Despite current regulations, Estonia is seeing an increasing number of dangerous incidents involving air weapons. As a result, the Ministry of the Interior intends to review legislation in this field at the start of next year.
Investigative weekly Eesti Ekspress reported Wednesday (link in Estonian) about a young man who was shot in the head by an air gun on the northern shore of Lake Peipus in July and is recovering at Tartu University Hospital (TÜK).
In an appearance on ETV current events program "Ringvaade" this week, Kadri Rõivassepp, a doctor at TÜK's Anesthesiology and Intensive Care Clinic, said that the patient in question spent 34 days in the hospital's Intensive Care Department, and is now receiving rehabilitative care.
Doctors didn't remove the air gun pellet from the patient's head. "The neurosurgeons decided that the pellet is located in such a spot that removing it wouldn't be safe," Rõivassepp explained.
The doctor highlighted that the young man was lucky to reach the hospital, because 90 percent of those who end up in similar situations end up dying before making it to one.
Physical therapist Kerli Uba confirmed that the patient is recovering well.
"The condition we reached here was that he stood with a little assistance from me, but I know he's surely continued to do very well," Uba said.
Joel Starkopf, professor of intensive care at the university hospital, noted that it's incredibly rare for patients with air gunshot wounds to reach TÜK.
According to Starkopf, most gunshot wounds are either injuries inflicted in a suicide attempt or accidents. "We very rarely see deliberate, violent shootings; we haven't seen virtually any in recent years," he said. "And on the whole, gunshot wounds around the head are even rarer than all of those."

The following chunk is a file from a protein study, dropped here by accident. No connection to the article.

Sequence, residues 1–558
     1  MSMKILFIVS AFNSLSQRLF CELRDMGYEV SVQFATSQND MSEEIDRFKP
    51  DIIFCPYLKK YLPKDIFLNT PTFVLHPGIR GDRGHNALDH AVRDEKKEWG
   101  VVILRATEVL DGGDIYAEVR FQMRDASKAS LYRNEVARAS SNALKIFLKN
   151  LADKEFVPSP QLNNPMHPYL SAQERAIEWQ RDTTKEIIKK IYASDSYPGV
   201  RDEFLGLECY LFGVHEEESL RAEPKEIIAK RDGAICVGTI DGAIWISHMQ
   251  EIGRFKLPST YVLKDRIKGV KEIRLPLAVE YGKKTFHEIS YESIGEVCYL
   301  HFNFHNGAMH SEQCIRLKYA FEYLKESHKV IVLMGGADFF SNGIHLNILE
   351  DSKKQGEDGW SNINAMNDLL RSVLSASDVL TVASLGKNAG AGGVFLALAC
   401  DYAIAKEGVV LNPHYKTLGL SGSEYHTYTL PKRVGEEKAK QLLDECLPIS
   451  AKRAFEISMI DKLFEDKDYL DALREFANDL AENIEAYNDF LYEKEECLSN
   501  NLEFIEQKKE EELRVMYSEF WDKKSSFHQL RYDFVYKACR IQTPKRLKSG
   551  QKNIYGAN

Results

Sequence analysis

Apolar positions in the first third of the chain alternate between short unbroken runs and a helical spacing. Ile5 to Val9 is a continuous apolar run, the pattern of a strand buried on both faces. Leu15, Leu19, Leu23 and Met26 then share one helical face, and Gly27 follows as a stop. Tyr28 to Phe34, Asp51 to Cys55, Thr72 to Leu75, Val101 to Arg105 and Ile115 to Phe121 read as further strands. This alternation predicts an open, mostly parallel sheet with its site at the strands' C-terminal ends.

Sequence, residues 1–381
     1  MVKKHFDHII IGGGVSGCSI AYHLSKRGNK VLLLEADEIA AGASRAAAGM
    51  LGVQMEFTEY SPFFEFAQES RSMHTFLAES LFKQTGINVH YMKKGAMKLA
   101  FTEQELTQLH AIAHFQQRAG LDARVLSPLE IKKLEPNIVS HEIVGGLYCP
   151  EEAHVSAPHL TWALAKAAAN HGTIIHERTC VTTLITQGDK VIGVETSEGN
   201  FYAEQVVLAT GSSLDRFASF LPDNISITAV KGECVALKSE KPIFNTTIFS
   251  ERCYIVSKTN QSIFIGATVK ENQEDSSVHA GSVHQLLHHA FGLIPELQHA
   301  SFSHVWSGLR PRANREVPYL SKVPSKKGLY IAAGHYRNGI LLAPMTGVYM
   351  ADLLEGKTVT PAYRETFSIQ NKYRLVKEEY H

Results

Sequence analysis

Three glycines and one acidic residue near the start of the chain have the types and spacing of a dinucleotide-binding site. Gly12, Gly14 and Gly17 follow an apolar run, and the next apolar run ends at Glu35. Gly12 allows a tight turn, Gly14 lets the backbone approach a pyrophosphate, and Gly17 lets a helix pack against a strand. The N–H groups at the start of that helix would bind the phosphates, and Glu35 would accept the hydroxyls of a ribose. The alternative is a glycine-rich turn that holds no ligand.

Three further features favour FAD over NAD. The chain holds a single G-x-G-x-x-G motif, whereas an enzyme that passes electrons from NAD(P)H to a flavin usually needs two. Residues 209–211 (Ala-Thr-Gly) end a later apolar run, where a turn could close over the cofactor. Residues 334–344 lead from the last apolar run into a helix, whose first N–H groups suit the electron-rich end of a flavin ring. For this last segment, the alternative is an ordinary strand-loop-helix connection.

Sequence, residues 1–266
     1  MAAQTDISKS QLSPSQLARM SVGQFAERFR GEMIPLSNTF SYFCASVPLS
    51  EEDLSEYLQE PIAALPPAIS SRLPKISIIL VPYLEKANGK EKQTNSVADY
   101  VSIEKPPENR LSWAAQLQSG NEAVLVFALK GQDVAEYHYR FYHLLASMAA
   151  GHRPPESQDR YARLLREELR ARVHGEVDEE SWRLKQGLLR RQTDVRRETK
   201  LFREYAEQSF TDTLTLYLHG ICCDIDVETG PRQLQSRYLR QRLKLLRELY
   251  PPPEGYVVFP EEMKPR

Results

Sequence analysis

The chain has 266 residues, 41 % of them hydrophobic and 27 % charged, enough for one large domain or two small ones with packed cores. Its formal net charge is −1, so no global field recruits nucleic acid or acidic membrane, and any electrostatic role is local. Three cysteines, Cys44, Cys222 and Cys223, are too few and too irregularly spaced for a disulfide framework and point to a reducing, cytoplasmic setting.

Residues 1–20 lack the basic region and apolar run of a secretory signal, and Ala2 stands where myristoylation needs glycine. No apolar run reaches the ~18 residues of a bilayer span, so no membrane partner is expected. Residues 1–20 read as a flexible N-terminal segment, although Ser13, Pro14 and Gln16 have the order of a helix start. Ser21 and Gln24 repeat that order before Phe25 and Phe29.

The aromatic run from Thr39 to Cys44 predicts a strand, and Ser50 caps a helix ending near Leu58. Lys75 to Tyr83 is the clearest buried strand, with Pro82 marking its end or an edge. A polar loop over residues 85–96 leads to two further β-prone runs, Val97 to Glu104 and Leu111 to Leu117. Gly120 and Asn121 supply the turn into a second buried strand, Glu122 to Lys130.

Henry Timberg, director of the Ministry of the Interior's Public Order and Criminal Policy Department, explained that in Estonia, air weapons are classified as either air weapons in unrestricted commerce — i.e. civilian use — which can be purchased by virtually any adult, or higher-caliber weapons in restricted commerce, which require a weapons permit to purchase.
Both air weapons as well as starting pistols are sold as hobby equipment to be used for hobby shooting or for weapons training.
Timberg stressed that regulations apply to the use of air weapons in unrestricted commerce as well, citing for example that these may not be sold to minors, that the individual handing the weapon must be sober, and that they may not be brandished in public or used to cause anyone harm.
"While all of that is regulated, more and more cases, including police calls, are occurring in which someone is waving an object resembling a gun around and the police have to respond in all seriousness and with great force," he acknowledged.
The ministry department director pointed out that in a tense situation, police may also not be able to discern whether an individual is carrying an air weapon or firearm.
"When faced with someone holding what's possibly a starting gun or air gun in their hand, which may likely be made of metal, that looks pretty realistic, then in that moment, that police officer may not be able to tell the difference either, and they're not going to stop and think for a minute; they're going to react like it's a firearm," Timberg said.
"And people who for whatever reason have bought themselves an air or starting gun also have to take into account that they're not allowed to go around with it in public, brandish it, and that it still has to be handled like a firearm," he emphasized. "You don't aim a firearm at someone, and you don't mess around with a firearm. They may be hobby equipment, but they're not toys."
When reviewing weapons regulations early next year, the Ministry of the Interior intends to place an emphasis on air weapons as well.
"Every little extra step you generate, even just showing ID or only selling air guns at hunting stores or via an arms dealer, creates another additional step, which means that perhaps someone that doesn't actually want to purchase this weapon for hobby use, who may not actually need it, won't buy it, and maybe that will prevent an incident from occurring," the official said. "That goes for both starting pistols as well as air weapons. The fewer of them we have needlessly on the move and in circulation, the fewer cases there will be. Regulations should definitely be reviewed."
Editor: Aili Vahtla